The big opportunity for us is in a life insurance business is to sell simple life insurance products to a general insurance customer base. We’ve got about 5 million customers in that general insurance customer base. They are happy to buy life insurance products from their general insurer. They see an insurance company as an insurance company. We have to improve the way that we distribute, line up our distribution workforces and our sales workforces to make that cross-sell opportunity even greater.
But above all of that, the Group – having the Group together from a customer point of view, gives us a lot more data. So, smaller businesses in particular, the bank and the life business, benefit from the depth of data that we have around customers. We’ve got a 9 million strong customer base at Suncorp, which puts us on the same footing as the major banks. So, we got to leverage that strongly to drive strong growth at the topline.
St Anne: The life insurance business has struggled somewhat, what are your plans to revitalize that business?
Johnston: Well, the life insurance business, like all life insurers are struggling with both cyclical and structural issues. The cyclical issues really come from the cost of living issues at the moment and low consumer confidence. So that creates an environment where claims experience is higher and lapse experience is higher. So, all life insurance businesses are struggling from that situation.
On the structural side, the way that commissions are structured for IFAs is very much upfront and then it travels off over the life of the policy. And the policy from a policyholder point of view once they go through their 20s and into their 30s and 40s, it steps up quite considerably. So, there is a structural misalignment there that creates an environment where there is an incentive to churn, which is driving a lot of the lapse experience.
Our big opportunity is, as I said before, is to drive direct sales from a life insurance business through a general insurance customer base. That will give us the opportunity to transition as the industry restructures and gets more efficient around its commission structures and the structure of its policy.
So, we are very comfortable that over the next 18 months to 2 years, we’ll have a very strong ability to grow through our direct business; that the structural and cyclical issues, that are affecting our IFA business, will improve and that will lead to a very strong business over the next two to three years.
St Anne: Steve, what about the banking division, any immediate plans to grow that business and how is the expansion outside of Queensland tracking?
Johnston: We’ve incrementally expanded our branch networking in both New South Wales and Western Australia, where we have a reasonable brand presence and a customer alignment certainly between Queensland and Western Australia. Obviously, the majority of our branch network is in Queensland. We use brokers for distribution outside Queensland and within Queensland as well. We are solid users of the broker-distribution network, and we are very good and efficient in doing that.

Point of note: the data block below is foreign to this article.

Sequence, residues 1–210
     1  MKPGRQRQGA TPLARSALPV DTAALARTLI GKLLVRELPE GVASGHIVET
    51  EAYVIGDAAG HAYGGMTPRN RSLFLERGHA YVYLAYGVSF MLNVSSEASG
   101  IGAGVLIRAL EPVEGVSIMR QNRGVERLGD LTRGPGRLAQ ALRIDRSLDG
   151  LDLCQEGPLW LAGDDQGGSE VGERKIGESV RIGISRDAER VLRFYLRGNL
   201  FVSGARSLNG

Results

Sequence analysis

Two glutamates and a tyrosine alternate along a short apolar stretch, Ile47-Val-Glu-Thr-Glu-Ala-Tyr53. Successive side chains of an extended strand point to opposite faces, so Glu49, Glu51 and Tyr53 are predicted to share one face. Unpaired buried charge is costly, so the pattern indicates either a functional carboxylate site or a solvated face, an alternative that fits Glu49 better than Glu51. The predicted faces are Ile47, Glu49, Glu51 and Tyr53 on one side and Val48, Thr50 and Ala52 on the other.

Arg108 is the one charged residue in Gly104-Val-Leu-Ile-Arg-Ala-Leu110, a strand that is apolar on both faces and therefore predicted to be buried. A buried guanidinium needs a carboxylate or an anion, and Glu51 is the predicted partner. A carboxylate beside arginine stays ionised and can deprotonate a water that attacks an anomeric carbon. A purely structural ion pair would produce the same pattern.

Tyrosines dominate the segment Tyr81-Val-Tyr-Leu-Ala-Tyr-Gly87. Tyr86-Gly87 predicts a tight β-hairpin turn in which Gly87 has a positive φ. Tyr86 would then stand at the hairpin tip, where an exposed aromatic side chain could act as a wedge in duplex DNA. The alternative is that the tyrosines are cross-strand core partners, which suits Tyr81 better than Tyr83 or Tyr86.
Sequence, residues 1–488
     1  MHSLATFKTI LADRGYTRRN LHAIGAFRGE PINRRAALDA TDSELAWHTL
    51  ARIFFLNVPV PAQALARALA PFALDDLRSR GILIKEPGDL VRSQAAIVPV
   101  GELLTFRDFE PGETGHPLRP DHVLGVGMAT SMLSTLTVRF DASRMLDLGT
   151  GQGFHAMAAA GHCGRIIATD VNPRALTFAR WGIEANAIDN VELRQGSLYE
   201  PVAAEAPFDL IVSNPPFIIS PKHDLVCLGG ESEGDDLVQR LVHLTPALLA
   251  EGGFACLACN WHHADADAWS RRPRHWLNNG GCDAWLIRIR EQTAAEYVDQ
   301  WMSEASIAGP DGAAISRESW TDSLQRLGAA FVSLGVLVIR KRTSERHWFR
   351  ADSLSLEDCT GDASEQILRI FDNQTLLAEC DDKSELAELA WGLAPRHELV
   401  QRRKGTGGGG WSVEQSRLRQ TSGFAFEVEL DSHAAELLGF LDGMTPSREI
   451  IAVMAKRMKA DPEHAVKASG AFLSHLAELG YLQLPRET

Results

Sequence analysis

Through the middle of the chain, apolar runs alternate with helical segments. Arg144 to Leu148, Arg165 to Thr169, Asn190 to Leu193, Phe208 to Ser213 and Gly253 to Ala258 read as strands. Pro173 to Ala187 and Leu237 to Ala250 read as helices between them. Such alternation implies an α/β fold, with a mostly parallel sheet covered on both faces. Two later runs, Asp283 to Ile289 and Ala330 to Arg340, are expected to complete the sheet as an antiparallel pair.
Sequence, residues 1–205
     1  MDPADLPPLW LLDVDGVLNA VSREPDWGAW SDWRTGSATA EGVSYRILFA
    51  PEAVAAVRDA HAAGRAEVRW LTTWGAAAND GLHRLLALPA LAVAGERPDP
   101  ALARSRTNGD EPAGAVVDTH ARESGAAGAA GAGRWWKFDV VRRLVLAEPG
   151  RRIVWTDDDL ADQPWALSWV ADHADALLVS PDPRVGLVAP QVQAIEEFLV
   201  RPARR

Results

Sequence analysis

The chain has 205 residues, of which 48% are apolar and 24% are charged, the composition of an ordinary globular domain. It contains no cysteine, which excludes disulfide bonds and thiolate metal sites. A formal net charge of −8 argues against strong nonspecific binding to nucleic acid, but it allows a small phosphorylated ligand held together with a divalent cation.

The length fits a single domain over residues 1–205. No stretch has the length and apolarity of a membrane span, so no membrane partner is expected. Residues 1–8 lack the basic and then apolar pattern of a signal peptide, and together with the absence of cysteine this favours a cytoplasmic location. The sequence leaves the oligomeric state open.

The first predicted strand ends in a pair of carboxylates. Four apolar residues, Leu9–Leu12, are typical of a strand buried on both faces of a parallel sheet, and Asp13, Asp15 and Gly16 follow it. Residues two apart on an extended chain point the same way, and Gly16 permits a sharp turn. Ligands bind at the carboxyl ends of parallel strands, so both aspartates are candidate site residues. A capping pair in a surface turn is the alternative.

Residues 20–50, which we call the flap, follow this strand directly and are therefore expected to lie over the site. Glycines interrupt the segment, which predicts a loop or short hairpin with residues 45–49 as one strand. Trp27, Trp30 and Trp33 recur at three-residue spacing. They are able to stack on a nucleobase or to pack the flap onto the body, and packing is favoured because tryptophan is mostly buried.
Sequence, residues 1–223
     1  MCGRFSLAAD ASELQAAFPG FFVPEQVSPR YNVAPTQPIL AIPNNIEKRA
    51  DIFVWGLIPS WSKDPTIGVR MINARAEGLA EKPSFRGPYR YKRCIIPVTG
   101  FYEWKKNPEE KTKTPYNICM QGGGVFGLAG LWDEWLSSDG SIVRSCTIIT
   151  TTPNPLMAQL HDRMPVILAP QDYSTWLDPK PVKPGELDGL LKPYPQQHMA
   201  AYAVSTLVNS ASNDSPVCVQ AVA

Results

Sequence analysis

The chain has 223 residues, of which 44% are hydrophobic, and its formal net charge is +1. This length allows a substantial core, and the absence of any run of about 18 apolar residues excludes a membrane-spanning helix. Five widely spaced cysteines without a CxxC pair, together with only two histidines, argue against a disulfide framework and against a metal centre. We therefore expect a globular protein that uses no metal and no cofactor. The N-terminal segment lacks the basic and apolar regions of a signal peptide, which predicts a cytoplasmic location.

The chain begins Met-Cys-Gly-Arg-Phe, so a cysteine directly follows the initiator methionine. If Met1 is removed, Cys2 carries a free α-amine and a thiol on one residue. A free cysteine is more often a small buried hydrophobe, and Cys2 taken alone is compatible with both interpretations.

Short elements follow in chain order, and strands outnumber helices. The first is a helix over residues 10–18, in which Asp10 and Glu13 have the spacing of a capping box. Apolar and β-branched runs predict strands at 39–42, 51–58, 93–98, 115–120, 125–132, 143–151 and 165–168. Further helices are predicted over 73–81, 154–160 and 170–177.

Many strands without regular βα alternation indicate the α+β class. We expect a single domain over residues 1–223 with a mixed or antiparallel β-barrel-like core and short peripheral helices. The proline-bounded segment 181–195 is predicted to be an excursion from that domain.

We'll continue to incrementally expand our branch network, particularly in New South Wales and Western Australia, and align the branch network in different growth corridors within Queensland. We don't have any major plans at the moment to expand our branch network substantially in other jurisdictions because we've got this broker opportunity that we can continue to leverage.
So, it will be an incremental branch expansion, particularly in Queensland, where we can move some branches around, reestablish them within the growth corridors, take opportunities around a very strong brand and distribution and grow strongly ahead of system.
St Anne.: On that point of regional banking, Steve, how does Suncorp distinguish itself against the four major banks? Is that your only point of difference?
Johnston: In Queensland, we are seen as a major, because our brand is so strong in Queensland. Customers know us very well, and they often have a lot of exposure through our general insurance business. So, we have a very strong brand in Queensland.
So, we see ourselves as a major bank, but the capacity of a major bank in terms of the capability, but also the customer service that customers like around the regional banks which is very, very quick, talk to a real person, say you don't go through the IVR process, you go directly to a real person in our bank and improving customer service. So, the customer service is our big differentiator in Queensland, but we have the depth of capability and capacity and security that the majors have. That's the way we sell a bank within Queensland and generally across the country.